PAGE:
As a travel blogger, I'm always asked about money, and how I finance a lifestyle of travelling - and it's definitely a topic that lots of people want to know about. And whilst I have my own tried and tested ways (which I'll mentioned below) there are lots of other ways I know have worked for other bloggers and other travellers too.
Here I'm going to try and condense all these ways into one big list.
Here are the money-making methods that have worked for me...
Writing and blogging
The great thing about writing is - you can do it any place - so long as you have a computer. Which obviously, makes it a fantastic money-making-method for travellers.
Believe it or not - brands are always looking for people to write and blog for them - because blogging and content are becoming very powerful tools for marketing. If writing is something you're skilled at - I'd suggesting learning a little about content marketing (what the industry is, what brands are looking for...) and then contacting brands speculatively asking if they require anyone like you. Better still, attending networking events in the industry you'd like to write about - would work great, it's always great to chat to people face to face.
Keep an eye on the brands you'd like to write for too - and don't be afraid to confront them about work. Being cheeky often works - if you don't ask, you don't get! So if you think a brand isn't writing great blog post, drop them an email and ask if they'd give you a shot!
Social media management
As someone who has spent their entire career in social media, it's something I've gotten pretty good at - and is now a skill I can sell. I manage the social media pages for small brands and big brands - and even though I'm permanently based in London now - that wasn't always the case.
When I was travelling a couple of years ago - social media management was a brilliant ways of making money on the move. As with writing - it's something you can do anywhere - so long as you've got a computer and a half decent internet connection. Don't take this kind of work lightly though as it comes with a lot of hard work, round the clock monitoring - and responsibility.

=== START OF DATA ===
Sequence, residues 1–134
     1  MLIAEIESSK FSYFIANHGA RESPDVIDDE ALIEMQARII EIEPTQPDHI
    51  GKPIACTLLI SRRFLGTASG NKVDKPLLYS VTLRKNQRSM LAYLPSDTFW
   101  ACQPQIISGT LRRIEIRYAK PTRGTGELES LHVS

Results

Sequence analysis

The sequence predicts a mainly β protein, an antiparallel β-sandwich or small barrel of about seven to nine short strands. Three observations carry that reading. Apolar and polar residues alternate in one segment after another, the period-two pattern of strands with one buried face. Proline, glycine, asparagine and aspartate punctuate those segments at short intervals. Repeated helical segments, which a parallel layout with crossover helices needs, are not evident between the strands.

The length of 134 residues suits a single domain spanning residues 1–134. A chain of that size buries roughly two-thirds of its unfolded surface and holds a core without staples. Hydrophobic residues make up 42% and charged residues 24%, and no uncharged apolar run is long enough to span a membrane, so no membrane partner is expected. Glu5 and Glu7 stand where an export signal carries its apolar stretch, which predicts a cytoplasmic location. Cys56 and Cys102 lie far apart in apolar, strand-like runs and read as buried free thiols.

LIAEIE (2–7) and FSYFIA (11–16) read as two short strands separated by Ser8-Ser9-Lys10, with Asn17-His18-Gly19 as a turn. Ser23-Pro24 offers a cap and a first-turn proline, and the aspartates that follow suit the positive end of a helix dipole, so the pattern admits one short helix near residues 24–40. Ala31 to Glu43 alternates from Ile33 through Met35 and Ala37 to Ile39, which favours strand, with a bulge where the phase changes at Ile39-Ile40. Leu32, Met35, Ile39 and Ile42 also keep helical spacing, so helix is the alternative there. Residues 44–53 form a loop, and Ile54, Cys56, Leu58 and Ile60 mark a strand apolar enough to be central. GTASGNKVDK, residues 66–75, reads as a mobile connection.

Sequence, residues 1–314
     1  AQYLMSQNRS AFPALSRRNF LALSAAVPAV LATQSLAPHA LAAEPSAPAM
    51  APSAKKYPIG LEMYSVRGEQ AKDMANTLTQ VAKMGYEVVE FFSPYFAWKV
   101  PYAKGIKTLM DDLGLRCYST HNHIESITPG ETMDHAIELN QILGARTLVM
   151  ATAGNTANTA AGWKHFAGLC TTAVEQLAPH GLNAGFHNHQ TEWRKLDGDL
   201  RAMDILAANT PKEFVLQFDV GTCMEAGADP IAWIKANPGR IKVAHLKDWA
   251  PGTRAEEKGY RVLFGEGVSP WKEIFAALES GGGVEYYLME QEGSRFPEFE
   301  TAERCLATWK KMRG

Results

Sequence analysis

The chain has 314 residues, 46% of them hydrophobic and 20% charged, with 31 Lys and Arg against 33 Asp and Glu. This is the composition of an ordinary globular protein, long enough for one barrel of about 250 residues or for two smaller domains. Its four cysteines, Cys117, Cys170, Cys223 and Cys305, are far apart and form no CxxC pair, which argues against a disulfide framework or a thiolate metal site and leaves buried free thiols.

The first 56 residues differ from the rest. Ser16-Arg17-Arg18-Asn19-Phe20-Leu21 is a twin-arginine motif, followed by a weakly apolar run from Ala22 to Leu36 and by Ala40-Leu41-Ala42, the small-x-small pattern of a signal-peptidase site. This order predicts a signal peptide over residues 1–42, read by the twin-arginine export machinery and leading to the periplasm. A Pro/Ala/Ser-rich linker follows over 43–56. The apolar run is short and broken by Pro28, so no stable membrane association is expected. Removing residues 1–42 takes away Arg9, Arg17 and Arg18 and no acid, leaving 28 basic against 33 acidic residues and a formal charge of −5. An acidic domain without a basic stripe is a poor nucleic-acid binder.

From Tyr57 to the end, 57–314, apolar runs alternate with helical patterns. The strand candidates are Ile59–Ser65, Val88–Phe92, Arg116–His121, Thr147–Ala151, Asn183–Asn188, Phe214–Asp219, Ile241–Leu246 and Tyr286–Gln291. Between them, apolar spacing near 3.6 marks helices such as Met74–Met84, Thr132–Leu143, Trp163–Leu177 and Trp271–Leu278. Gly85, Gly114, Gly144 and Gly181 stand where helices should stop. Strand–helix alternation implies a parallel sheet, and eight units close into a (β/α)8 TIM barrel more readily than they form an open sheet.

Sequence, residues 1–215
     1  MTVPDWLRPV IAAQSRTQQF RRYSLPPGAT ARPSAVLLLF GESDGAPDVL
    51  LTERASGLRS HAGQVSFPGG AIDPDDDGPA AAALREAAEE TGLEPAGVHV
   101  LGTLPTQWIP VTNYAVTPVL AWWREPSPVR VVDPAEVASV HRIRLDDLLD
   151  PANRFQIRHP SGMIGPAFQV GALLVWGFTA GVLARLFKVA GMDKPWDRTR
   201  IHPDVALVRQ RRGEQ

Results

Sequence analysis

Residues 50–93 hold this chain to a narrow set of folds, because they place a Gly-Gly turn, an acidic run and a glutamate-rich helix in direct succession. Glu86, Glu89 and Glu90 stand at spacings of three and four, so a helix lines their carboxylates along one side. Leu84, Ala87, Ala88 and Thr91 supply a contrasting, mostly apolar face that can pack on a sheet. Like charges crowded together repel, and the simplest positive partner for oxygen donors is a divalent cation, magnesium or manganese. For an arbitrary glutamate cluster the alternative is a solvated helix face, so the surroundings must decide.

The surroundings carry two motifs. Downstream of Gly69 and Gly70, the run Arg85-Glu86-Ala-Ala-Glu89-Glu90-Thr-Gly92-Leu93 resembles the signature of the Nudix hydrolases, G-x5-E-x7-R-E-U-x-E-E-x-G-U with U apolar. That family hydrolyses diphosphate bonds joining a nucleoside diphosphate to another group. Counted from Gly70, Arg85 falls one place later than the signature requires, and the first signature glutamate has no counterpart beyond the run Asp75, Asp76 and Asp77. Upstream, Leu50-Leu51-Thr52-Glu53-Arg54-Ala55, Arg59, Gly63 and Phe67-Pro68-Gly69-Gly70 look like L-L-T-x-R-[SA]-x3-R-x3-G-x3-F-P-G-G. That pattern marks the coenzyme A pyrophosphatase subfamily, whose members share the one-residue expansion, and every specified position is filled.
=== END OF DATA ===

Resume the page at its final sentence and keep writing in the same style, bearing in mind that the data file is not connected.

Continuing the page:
If it's something you want to pursue, then you'll need to get experience first. Setting up your own social accounts (Facebook, Twitter, Instagram and Pinterest are all good places to start) is a good idea too - so you can practise your skills, find out what works, what doesn't, etc. You'll also need to stay on top of industry updates (as this is an industry that changes almost weekly).
What has worked for other people?
Hospitality work in bars, restaurants and cafes
This is one of the obvious choices - as it can be as casual as you'd like it to be. It's fantastic for travellers too - because it's the perfect way to meet new people and get to know the area. My one piece of advice here though - is to get-smart about job hunting. Remember how many people will also be looking for this kind of work - and suddenly just randomly handing out CVs doesn't cut it.
There are job sites out there which specifically cater (haha pun intended!) to hospitality jobs only (Leisure jobs is one I've used for hospitality jobs whilst travelling in Europe). These kinds of website, really are the best places to start looking - because you can rest assured your CV is going through the right channels, to the right people - who actually have jobs available!
This is one I've never actually tried - but always wanted to. The idea is simple - you get paid to look after someones house, whilst staying in and looking after the property. So basically - you get paid to stay in a nice house, in some amazing far flung destination.
Seems like a pretty incredible concept if I'm honest.
If you're interested in this route of travelling and money-making, then I'd recommend checking out The Globe Trotter Girls, who are two bloggers based in the US, and also self proclaimed experts on house-sitting. Their blog has a load more information on it than I could ever fit in here, so just go take a look.
If you're a dab hand with a camera, you can sell photos no matter where in the world you happen to be. And the best thing is, there are quite a few options you could take.
Companies like Flytographer hire freelancers in specific cities all over the world for one-off projects - so that's pretty cool. But if that's not up your alley - you can always go down the tried and tested route of selling stock images. I wrote a post on my blog the other day about the best places to sell images online - so take a read of that for some ideas.
As you'd expect, travel images always sell really well on stock photo websites - so if you do this right - you'll be onto a winner.Suggest a correction